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Hubble Takes a Close-Up View of a Reflection Nebula in Orion

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  • Mark A. LeCuyer
    Source: Space Telescope Science Institute March 2, 2000 PHOTO NO.: STScI-PRC00-10 Hubble Takes a Close-Up View of a Reflection Nebula in Orion Just weeks after
    Message 1 of 1 , Mar 3, 2000
      Source: Space Telescope Science Institute
      March 2, 2000

      PHOTO NO.: STScI-PRC00-10

      Hubble Takes a Close-Up View of a Reflection Nebula in Orion

      Just weeks after NASA astronauts repaired the Hubble Space Telescope
      in December 1999, the Hubble Heritage Project snapped this picture of
      NGC 1999, a nebula in the constellation Orion. The Heritage
      astronomers, in collaboration with scientists in Texas and Ireland,
      used Hubble's Wide Field Planetary Camera 2 (WFPC2) to obtain the
      color image.

      NGC 1999 is an example of a reflection nebula. Like fog around a
      street lamp, a reflection nebula shines only because the light from an
      embedded source illuminates its dust; the nebula does not emit any
      visible light of its own. NGC 1999 lies close to the famous Orion
      Nebula, about 1,500 light-years from Earth, in a region of our Milky
      Way galaxy where new stars are being formed actively. The nebula is
      famous in astronomical history because the first Herbig-Haro object
      was discovered immediately adjacent to it (it lies just outside the
      new Hubble image). Herbig-Haro objects are now known to be jets of gas
      ejected from very young stars.

      The NGC 1999 nebula is illuminated by a bright, recently formed star,
      visible in the Hubble photo just to the left of center. This star is
      cataloged as V380 Orionis, and its white color is due to its high
      surface temperature of about 10,000 degrees Celsius (nearly twice that
      of our own Sun). Its mass is estimated to be 3.5 times that of the
      Sun. The star is so young that it is still surrounded by a cloud of
      material left over from its formation, here seen as the NGC 1999
      reflection nebula.

      The WFPC2 image of NGC 1999 shows a remarkable jet-black cloud near
      its center, resembling a letter T tilted on its side, located just to
      the right and lower right of the bright star. This dark cloud is an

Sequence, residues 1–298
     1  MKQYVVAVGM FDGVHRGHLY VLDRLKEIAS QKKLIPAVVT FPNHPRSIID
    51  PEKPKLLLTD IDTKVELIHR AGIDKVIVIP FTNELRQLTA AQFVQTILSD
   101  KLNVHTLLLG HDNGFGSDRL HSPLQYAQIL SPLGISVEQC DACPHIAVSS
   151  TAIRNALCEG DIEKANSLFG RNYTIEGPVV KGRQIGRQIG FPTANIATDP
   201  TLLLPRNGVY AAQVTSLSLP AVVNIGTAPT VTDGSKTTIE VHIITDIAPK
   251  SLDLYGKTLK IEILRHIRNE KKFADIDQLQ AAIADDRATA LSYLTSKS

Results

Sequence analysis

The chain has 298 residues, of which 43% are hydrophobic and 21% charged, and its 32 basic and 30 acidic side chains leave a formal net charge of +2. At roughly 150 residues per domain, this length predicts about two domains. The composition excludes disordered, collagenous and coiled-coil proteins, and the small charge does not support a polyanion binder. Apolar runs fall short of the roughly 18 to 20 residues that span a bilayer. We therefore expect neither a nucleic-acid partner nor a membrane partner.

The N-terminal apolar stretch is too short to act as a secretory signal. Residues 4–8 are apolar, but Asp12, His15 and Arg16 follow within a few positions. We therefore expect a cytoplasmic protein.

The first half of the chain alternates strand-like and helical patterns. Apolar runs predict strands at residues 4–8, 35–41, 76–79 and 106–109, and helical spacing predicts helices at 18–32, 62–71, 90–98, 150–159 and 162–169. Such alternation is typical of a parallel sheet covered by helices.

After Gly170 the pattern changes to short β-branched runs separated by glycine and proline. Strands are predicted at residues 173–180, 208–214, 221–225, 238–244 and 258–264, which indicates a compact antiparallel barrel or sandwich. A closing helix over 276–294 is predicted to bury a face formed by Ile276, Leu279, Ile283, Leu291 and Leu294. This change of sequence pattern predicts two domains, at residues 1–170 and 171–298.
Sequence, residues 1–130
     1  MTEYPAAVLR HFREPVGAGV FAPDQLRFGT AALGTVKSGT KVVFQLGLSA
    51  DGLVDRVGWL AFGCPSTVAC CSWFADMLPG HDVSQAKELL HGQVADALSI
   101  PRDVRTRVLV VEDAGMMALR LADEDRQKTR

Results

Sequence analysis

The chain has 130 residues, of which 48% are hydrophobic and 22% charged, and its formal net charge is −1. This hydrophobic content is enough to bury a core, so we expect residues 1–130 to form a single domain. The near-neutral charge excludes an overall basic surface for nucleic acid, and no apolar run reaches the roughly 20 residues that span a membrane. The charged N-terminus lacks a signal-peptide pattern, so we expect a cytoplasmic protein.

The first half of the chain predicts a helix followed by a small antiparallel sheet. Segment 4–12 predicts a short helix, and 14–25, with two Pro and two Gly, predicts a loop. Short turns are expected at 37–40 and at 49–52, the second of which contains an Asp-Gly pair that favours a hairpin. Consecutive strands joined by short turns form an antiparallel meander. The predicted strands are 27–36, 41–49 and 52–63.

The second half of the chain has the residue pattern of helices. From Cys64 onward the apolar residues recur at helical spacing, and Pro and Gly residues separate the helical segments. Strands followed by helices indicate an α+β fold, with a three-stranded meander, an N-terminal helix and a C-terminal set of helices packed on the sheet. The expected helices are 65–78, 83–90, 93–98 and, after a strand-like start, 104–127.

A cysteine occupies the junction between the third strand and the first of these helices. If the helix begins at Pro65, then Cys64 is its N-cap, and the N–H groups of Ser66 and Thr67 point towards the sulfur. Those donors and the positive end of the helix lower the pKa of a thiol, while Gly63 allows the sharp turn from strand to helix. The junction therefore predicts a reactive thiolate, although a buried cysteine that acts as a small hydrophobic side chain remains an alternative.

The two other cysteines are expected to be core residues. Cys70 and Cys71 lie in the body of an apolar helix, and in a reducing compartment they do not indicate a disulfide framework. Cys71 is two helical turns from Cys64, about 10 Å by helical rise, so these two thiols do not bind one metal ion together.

example of a "Bok globule," named after the late University of Arizona
      astronomer Bart Bok. The globule is a cold cloud of gas, molecules,
      and cosmic dust, which is so dense it blocks all of the light behind
      it. In the Hubble image, the globule is seen silhouetted against the
      reflection nebula illuminated by V380 Orionis. Astronomers believe
      that new stars may be forming inside Bok globules, through the
      contraction of the dust and molecular gas under their own gravity.

      NGC 1999 was discovered some two centuries ago by Sir William Herschel
      and his sister Caroline, and was cataloged later in the 19th century
      as object 1999 in the New General Catalogue.

      These data were collected in January 2000 by the Hubble Heritage Team
      with the collaboration of star-formation experts C. Robert O'Dell
      (Rice University), Thomas P. Ray (Dublin Institute for Advanced
      Study), and David Corcoran (University of Limerick).

      Image Credit: NASA and the Hubble Heritage Team (STScI)

      For additional information, please contact:
      Professor C. R. O'Dell, Rice University, MS 108, PO Box 1892, Houston,
      Texas 77251-1892, (phone) 713-348-3633, (fax) 713-348-5143, (e-mail)
      cro@... or

      Professor T.P. Ray, School Of Cosmic Physics, Dublin Institute for
      Advanced Studies, 5 Merrion Square, Dublin 2, Ireland, (phone) +353 1
      6621333, (fax) +353 1 6621477, (e-mail) tr@... or

      Keith Noll, Space Telescope Science Institute, 3700 San Martin Drive,
      Baltimore, Md. 21218, (e-mail) noll@....

      Image files are available on the Internet at:
      http://oposite.stsci.edu/pubinfo/pr/2000/10 or via links in
      http://oposite.stsci.edu/pubinfo/latest.html and

      Higher resolution digital versions (300 dpi JPEG and TIFF) are
      available at:


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